WHAT YOU CAN DO: Simple steps around the home make big a difference in reducing water pollution. Pick up pet waste, keep yard clippings out of storm drains and fix car leaks before the next big rain washes oil and other fluids into your local water supply.
Pesticide and Fertilizer Alternatives to Prevent Water Pollution
WHAT YOU CAN DO: Plant native flowers, shrubs and trees that are resistant to pests and can attract pollinators and other beneficial insects. Install bird and bat houses in your yard to combat pesky bugs. A 2018 study in The Science of Nature estimated that globally, birds eat nearly a half trillion tons of insects a year.
Take a similar approach with fertilizers. Nutrients such as nitrates and phosphates in fertilizer can overstimulate water plants and algae. Phosphorus has been called “junk food for algae.” It fuels algae growth, which kills fish and other life in waterways.
Fact One pound of phosphorus can produce 10,000 pounds of water weeds and algae.
WHAT YOU CAN DO: Hire a certified lawn care professional or carefully follow label directions. Too much fertilizer can damage plants and pollute groundwater. Leave grass clippings on the ground after you mow to create a free, slow-release fertilizer. The Peace Corps also offers instructions for making your own less-toxic pesticide alternatives from natural ingredients.
Reducing Landfill Waste
The U.S. Environmental Protection Agency estimated Americans threw away more than 260 million tons of solid waste in 2015. That came to 4.48 pounds of trash per person every day of the year. More than half of the waste ended up in landfills.
More than 91 million tons of solid waste were recycled and composted in 2015. Another 33 million tons were burned to generate energy.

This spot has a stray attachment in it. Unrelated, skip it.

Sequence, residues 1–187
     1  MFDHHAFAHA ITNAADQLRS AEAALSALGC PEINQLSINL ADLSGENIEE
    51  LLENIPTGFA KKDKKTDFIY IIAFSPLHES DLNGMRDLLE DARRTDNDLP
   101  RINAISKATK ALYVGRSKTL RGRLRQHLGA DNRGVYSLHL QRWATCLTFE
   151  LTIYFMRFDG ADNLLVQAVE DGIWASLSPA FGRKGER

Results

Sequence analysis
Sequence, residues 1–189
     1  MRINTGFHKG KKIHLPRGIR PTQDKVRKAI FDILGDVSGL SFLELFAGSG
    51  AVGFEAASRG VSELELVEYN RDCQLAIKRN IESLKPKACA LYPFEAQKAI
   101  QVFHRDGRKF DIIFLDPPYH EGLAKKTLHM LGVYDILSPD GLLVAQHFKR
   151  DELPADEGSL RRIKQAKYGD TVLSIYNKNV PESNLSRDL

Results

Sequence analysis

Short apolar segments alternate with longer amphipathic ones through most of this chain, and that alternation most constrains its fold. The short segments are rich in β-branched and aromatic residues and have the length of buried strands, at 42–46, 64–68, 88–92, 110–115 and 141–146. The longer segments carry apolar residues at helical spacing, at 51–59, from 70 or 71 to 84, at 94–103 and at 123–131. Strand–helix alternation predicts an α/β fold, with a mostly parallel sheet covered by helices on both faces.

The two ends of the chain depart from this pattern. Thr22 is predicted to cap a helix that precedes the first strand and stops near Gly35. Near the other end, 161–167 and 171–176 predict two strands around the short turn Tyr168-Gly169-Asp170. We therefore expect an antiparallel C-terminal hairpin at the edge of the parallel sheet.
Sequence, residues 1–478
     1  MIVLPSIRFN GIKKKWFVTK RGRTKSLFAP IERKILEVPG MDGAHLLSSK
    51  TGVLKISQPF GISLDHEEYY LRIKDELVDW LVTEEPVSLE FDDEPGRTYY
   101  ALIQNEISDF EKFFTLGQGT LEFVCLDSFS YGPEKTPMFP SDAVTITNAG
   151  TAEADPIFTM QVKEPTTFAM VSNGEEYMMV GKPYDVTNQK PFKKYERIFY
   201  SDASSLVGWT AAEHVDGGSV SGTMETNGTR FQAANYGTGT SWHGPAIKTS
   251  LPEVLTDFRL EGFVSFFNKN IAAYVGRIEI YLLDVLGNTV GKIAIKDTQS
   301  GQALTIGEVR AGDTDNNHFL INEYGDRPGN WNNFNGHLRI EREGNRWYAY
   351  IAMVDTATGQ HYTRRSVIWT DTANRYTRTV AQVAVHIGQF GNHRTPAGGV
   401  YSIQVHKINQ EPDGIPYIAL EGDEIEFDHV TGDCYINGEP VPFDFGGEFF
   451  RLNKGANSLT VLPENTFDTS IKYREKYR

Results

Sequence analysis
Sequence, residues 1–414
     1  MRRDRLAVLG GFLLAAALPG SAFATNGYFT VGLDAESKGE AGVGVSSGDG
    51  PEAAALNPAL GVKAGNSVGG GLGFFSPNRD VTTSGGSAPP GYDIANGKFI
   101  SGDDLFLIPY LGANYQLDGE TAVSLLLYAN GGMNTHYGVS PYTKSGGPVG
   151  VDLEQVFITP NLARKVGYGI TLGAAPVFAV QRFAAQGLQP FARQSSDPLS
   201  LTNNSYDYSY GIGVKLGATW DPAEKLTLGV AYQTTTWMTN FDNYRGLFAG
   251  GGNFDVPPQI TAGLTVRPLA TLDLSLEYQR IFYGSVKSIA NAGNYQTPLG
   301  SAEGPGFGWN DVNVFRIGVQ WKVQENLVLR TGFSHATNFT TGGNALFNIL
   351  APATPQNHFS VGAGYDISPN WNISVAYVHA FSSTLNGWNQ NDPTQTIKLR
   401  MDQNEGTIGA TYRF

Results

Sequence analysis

Paper, food and yard trimmings accounted for more than 54 percent of all solid waste in American cities. In many cases, all three could have been either recycled or composted.
Landfills also contribute to air pollution. Organic material buried in landfills creates landfill gas as it decomposes. The gas is about half carbon dioxide and half methane, a powerful greenhouse gas that traps heat in the atmosphere.
The U.S. Environmental Protection Agency provides directions on how to compost your household’s organic waste into natural fertilizer
Landfills are the third-largest source of human-related methane emissions in the United States. They produced about 14 percent of methane emissions in 2016.
WHAT YOU CAN DO: Compost organic waste such as food scraps and grass clippings to keep waste out of landfills and help your lawn or garden grow. Don’t just recycle paper, glass and cans; buy products made with recycled materials. And opt for reusable products from cloth mops to rechargeable batteries instead of disposables.
Please seek the advice of a qualified professional before making decisions about your health or finances.
Last Modified: August 18, 2022
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Terry TurnerSenior WriterTerry Turner has been writing articles and producing news broadcasts for more than 30 years. An Emmy-winning journalist, he has reported on consumer policy issues before Congress, the Consumer Product Safety Commission, the Food and Drug Administration and other federal agencies.
Edited ByKim BorwickEditor